This article is for investors who would like to improve their understanding of price to earnings ratios (P/E ratios). We'll show how you can use Transport International Holdings Limited's (HKG:62) P/E ratio to inform your assessment of the investment opportunity. Based on the last twelve months, Transport International Holdings's P/E ratio is 12.25. That is equivalent to an earnings yield of about 8.2%.
How Do You Calculate A P/E Ratio?
The formula for P/E is:
Price to Earnings Ratio = Price per Share ÷ Earnings per Share (EPS)
Or for Transport International Holdings:
P/E of 12.25 = HK$20.15 ÷ HK$1.65 (Based on the trailing twelve months to June 2019.)
Is A High Price-to-Earnings Ratio Good?
A higher P/E ratio means that buyers have to pay a higher price for each HK$1 the company has earned over the last year. That isn't necessarily good or bad, but a high P/E implies relatively high expectations of what a company can achieve in the future.
Does Transport International Holdings Have A Relatively High Or Low P/E For Its Industry?
One good way to get a quick read on what market participants expect of a company is to look at its P/E ratio. The image below shows that Transport International Holdings has a lower P/E than the average (19.5) P/E for companies in the transportation industry.
This suggests that market participants think Transport International Holdings will underperform other companies in its industry. While current expectations are low, the stock could be undervalued if the situation is better than the market assumes. It is arguably worth checking if insiders are buying shares, because that might imply they believe the stock is undervalued.
How Growth Rates Impact P/E Ratios
When earnings fall, the 'E' decreases, over time. Therefore, even if you pay a low multiple of earnings now, that multiple will become higher in the future. A higher P/E should indicate the stock is expensive relative to others -- and that may encourage shareholders to sell.
Transport International Holdings's earnings per share fell by 11% in the last twelve months. But EPS is up 15% over the last 5 years. And it has shrunk its earnings per share by 1.1% per year over the last three years. This might lead to low expectations.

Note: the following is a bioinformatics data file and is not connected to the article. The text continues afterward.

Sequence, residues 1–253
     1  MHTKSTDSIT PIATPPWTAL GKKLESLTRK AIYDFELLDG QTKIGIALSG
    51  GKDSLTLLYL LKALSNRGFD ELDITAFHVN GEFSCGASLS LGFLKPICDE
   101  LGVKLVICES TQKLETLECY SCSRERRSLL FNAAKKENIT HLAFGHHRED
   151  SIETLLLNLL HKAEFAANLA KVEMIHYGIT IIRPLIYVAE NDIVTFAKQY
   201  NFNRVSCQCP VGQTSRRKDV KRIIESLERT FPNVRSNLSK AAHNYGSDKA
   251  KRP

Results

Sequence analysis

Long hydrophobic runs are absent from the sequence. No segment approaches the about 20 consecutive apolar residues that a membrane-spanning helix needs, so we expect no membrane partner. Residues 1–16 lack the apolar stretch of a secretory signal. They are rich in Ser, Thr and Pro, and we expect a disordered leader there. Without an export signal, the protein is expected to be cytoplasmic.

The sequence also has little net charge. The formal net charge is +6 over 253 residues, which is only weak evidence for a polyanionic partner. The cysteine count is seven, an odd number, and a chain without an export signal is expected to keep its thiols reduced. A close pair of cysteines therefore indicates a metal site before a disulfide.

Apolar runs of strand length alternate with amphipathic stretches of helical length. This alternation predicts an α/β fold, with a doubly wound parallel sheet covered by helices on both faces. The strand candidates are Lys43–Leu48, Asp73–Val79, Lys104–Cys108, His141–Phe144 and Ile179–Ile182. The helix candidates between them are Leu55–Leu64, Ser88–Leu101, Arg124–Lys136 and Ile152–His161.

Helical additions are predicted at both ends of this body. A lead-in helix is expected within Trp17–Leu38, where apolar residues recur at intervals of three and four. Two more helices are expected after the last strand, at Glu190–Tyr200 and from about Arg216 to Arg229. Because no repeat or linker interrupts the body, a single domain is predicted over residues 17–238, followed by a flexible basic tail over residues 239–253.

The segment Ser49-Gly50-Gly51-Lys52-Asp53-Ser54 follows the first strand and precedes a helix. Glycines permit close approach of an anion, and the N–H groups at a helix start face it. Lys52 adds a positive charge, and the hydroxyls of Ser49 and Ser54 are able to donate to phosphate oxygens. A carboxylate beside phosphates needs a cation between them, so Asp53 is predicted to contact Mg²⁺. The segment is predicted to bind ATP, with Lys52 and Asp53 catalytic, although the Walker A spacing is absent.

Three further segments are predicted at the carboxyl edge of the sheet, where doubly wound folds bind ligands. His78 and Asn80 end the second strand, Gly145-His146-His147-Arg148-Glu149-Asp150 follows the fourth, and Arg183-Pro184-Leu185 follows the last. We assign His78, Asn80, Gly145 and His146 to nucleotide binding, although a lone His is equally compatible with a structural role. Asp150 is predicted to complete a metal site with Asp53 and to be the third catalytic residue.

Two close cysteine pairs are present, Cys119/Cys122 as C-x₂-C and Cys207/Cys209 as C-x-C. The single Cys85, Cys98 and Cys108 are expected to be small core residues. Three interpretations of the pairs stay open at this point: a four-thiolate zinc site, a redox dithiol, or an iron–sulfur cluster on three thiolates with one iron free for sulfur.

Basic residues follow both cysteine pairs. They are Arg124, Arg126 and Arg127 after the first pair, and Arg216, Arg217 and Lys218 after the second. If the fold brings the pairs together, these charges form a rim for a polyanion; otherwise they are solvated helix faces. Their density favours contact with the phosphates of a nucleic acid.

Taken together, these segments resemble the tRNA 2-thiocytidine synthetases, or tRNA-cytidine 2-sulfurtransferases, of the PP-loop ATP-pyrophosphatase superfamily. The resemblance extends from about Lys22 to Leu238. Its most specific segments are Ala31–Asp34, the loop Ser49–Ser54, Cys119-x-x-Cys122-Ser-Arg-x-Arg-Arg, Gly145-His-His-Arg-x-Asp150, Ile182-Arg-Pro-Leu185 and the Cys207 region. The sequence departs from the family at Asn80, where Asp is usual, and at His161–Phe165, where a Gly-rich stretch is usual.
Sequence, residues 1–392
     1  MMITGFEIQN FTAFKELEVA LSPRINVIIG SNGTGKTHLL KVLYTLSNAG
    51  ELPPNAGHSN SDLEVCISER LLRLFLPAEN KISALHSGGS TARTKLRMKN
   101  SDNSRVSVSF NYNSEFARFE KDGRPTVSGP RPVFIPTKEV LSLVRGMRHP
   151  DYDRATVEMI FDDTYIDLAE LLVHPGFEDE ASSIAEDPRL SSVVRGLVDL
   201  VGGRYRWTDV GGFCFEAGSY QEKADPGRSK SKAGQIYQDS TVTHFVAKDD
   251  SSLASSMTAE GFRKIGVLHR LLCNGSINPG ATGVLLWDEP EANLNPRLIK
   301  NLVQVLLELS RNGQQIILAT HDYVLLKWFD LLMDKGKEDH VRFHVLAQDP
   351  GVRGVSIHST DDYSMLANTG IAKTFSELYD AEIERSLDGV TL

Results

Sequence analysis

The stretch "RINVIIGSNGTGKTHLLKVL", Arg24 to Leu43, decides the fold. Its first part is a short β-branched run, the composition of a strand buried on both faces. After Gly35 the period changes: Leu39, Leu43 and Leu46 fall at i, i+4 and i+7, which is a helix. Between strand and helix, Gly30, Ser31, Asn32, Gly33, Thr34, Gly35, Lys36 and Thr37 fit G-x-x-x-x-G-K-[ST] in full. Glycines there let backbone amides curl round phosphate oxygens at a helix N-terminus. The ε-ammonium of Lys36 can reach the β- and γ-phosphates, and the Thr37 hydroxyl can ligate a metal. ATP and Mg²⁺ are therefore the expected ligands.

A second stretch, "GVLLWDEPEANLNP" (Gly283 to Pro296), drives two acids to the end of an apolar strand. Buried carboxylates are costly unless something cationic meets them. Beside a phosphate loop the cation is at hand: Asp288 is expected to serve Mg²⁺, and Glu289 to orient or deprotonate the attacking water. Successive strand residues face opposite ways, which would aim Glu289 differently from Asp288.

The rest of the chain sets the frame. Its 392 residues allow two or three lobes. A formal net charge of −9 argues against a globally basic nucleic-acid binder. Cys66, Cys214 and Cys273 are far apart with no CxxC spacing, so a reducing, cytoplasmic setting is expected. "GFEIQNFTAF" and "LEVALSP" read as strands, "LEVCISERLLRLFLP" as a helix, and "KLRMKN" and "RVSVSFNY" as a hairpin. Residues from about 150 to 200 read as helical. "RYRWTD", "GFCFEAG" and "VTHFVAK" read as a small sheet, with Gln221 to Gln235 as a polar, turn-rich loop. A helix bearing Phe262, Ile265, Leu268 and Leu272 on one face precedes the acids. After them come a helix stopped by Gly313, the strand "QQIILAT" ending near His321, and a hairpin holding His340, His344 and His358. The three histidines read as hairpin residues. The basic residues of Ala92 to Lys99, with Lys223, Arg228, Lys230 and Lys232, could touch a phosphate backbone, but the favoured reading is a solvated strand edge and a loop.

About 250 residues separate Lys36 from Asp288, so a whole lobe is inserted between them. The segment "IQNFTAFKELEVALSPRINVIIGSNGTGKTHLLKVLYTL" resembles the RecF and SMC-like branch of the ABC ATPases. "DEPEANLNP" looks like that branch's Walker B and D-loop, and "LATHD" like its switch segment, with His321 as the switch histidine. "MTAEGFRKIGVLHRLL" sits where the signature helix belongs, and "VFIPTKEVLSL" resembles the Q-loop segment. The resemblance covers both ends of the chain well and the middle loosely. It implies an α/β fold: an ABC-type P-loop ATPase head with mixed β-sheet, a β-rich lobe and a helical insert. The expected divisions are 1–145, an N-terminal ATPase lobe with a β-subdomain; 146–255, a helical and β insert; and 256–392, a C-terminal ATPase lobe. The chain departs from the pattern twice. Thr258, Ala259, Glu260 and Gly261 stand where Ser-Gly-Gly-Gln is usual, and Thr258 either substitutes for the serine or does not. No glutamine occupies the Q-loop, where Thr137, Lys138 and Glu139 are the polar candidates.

Remember: P/E Ratios Don't Consider The Balance Sheet
One drawback of using a P/E ratio is that it considers market capitalization, but not the balance sheet. So it won't reflect the advantage of cash, or disadvantage of debt. The exact same company would hypothetically deserve a higher P/E ratio if it had a strong balance sheet, than if it had a weak one with lots of debt, because a cashed up company can spend on growth.
Such spending might be good or bad, overall, but the key point here is that you need to look at debt to understand the P/E ratio in context.
Transport International Holdings's Balance Sheet
Transport International Holdings has net debt worth just 6.7% of its market capitalization. The market might award it a higher P/E ratio if it had net cash, but its unlikely this low level of net borrowing is having a big impact on the P/E multiple.
The Bottom Line On Transport International Holdings's P/E Ratio
Transport International Holdings has a P/E of 12.2. That's higher than the average in its market, which is 10.5. With some debt but no EPS growth last year, the market has high expectations of future profits.
When the market is wrong about a stock, it gives savvy investors an opportunity. People often underestimate remarkable growth -- so investors can make money when fast growth is not fully appreciated. Although we don't have analyst forecasts shareholders might want to examine this detailed historical graph of earnings, revenue and cash flow.
But note: Transport International Holdings may not be the best stock to buy. So take a peek at this free list of interesting companies with strong recent earnings growth (and a P/E ratio below 20).
If you spot an error that warrants correction, please contact the editor at email@example.com. This article by Simply Wall St is general in nature. It does not constitute a recommendation to buy or sell any stock, and does not take account of your objectives, or your financial situation. Simply Wall St has no position in the stocks mentioned.
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